Jesus Christ Superstar at Vilar in Beaver Creek |

Jesus Christ Superstar at Vilar in Beaver Creek

Charlie Owen
Vail, CO, Colorado
Special to the Daily

As far as rock-operas go, they don’t get much bigger than “Jesus Christ Superstar.”

And as far as juicy acting roles go, filling the shoes of the Son of God might seem intimidating to most, but not to the original Jesus Christ star, Ted Neeley.

Neeley has been with the production off and on since 1972 when he understudied for the role of Christ during the play’s first years on Broadway and later starred in the film adaptation in 1973. He will be taking the stage tonight to play the Savior of mankind once again at the Vilar Performing Arts Center in Beaver Creek.

“It is a constant challenge to maintain ” hopefully ” some hint of respect to this character and to this story and to this well-known piece. But it is absolute comfort on stage in the process because I just love every minute of doing it,” Neeley said during an interview from a hotel room in Utah, a stop on the play’s tour.

“Jesus Christ Superstar” is a big-production musical about the last week before Christ’s crucifixion. It focuses heavily on the human side of the tale as Judas and fellow disciples try to understand Jesus and his ministry and eventually ends with the murder of Christ. The play teeters on the fine line between religious themes and entertainment, two things that some have a hard time placing in the same box.

The play’s success stems from the first generation of fans who owned the album and went to see the play and movie, and have since had offspring that relate to the modern slang and rock ‘n’ roll based soundtrack. “Jesus Christ Superstar” is continually on tour in some form and even churches and schools put on productions of the play today.

Many actors have played the role of Jesus in the play during many different productions, but Neeley is the face that most have come to recognize as Christ in the production.

When the play and movie first came out, people didn’t like the way Jesus was portrayed, saying he was shown as too human and Judas Iscariot (who betrays Jesus for 30 pieces of silver) was given too much sympathy, Neeley said. He recalled mobs of protesters picketing outside of theaters during the early ’70s trying to block the actors entrance to the building.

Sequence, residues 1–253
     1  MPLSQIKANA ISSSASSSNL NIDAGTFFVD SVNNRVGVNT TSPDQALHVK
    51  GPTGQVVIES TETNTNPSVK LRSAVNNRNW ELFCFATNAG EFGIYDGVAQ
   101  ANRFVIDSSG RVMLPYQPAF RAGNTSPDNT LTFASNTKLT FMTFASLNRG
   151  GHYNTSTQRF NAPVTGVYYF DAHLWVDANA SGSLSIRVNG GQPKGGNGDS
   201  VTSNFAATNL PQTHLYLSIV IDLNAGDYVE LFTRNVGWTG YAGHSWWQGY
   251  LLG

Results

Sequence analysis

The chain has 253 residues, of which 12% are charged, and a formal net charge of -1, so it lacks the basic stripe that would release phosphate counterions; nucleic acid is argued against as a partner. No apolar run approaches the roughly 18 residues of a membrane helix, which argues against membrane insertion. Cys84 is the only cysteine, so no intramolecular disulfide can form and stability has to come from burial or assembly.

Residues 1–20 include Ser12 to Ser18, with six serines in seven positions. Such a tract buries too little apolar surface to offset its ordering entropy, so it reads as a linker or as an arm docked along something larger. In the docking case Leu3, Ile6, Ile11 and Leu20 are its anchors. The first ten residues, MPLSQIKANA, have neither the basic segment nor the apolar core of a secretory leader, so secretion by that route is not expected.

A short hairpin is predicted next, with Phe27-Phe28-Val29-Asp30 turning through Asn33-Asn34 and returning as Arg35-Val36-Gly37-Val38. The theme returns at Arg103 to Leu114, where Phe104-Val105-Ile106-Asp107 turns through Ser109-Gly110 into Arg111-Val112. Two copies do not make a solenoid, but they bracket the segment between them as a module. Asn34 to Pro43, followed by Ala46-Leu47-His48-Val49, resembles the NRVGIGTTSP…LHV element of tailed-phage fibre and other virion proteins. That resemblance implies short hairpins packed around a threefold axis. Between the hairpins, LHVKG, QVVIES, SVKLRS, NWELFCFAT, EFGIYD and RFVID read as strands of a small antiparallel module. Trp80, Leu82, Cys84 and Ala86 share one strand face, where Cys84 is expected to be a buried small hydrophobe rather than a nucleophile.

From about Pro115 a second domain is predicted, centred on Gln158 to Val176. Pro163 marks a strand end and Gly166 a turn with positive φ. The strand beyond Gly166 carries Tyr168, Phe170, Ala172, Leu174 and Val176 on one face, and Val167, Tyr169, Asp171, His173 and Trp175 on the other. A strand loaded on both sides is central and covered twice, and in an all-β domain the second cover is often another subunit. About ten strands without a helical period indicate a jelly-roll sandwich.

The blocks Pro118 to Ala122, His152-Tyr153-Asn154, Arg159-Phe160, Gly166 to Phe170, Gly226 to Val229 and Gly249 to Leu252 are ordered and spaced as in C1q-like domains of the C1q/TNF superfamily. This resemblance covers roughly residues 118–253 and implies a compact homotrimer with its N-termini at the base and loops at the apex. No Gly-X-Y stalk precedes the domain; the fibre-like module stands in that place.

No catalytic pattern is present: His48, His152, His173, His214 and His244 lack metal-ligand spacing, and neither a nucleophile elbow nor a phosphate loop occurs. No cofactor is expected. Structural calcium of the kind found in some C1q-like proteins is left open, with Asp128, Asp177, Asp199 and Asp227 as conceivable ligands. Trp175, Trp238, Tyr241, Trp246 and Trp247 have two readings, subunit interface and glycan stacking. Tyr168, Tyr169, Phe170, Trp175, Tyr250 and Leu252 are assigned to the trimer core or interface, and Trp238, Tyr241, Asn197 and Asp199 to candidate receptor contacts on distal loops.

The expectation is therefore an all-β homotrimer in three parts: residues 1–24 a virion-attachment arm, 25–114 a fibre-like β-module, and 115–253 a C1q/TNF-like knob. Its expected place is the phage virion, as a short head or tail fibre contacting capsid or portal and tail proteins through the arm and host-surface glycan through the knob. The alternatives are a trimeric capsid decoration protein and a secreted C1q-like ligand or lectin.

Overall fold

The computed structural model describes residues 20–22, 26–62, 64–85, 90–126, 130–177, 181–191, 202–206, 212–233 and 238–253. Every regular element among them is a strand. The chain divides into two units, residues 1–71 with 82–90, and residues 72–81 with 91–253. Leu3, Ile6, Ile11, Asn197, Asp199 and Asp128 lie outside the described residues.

As times have changed, so to has the general public’s view of the play, which now seems harmless and tame even by most religious standards.

“You’re talking about the most … iconic figure in all of history, at least on the American continent,” said Neeley of the Jesus character.

Neeley stresses the fact that the play is a human interpretation of events that unfold in the Bible, the brainchild of Tim Rice (writer) and Andrew Lloyd Webber (composer), and as such is meant as entertainment, not as religious teaching.

“It’s not about religion, it’s about the last seven days of Jesus as seen through the eyes of his friends. So you get a complete humanistic approach to this man who walked on the earth, whether people believe him being the son of God or believe he was a rebellious rabbi or just some guy who had a little bit more to say than somebody else,” Neeley said.

But it’s not all about Jesus. There is a large cast of characters including Mary Magdalene, Jewish priests, disciples, King Herod and Pontius Pilate, who Neeley believes is the most under-appreciated character in the play.

“It is not a one-man show. I do get to play the title character but I’m one of many people up there that make this magic work,” Neeley said.

The focus falls on each of the major cast members’ own individual struggle with the politics of religion during Biblical times, making for broader character development and giving the audience a chance to relate to whomever they sympathize with throughout the story, which Neeley said is one of the most important aspects of the production.

“It doesn’t embrace nor reject any religious faith. It just looks at it objectively. It’s just saying here’s the facts and you choose what you wish to make of it,” Neeley said.

Ultimately, it’s an interpretive work, and the audience will walk away from it with whatever biases or beliefs they hold in their own minds. If one believes that Jesus is the Son of God, he may walk away hurt by the way Jesus is portrayed, but those that appreciate human nature may walk away with the realization that nobody is perfect, no matter how close they are to God.

“It’s about whatever we all may have as a universal spiritual connection, regardless of what we embrace in terms of our faith,” Neeley said.

High Life writer Charlie Owen can be reached at 748-2939 or

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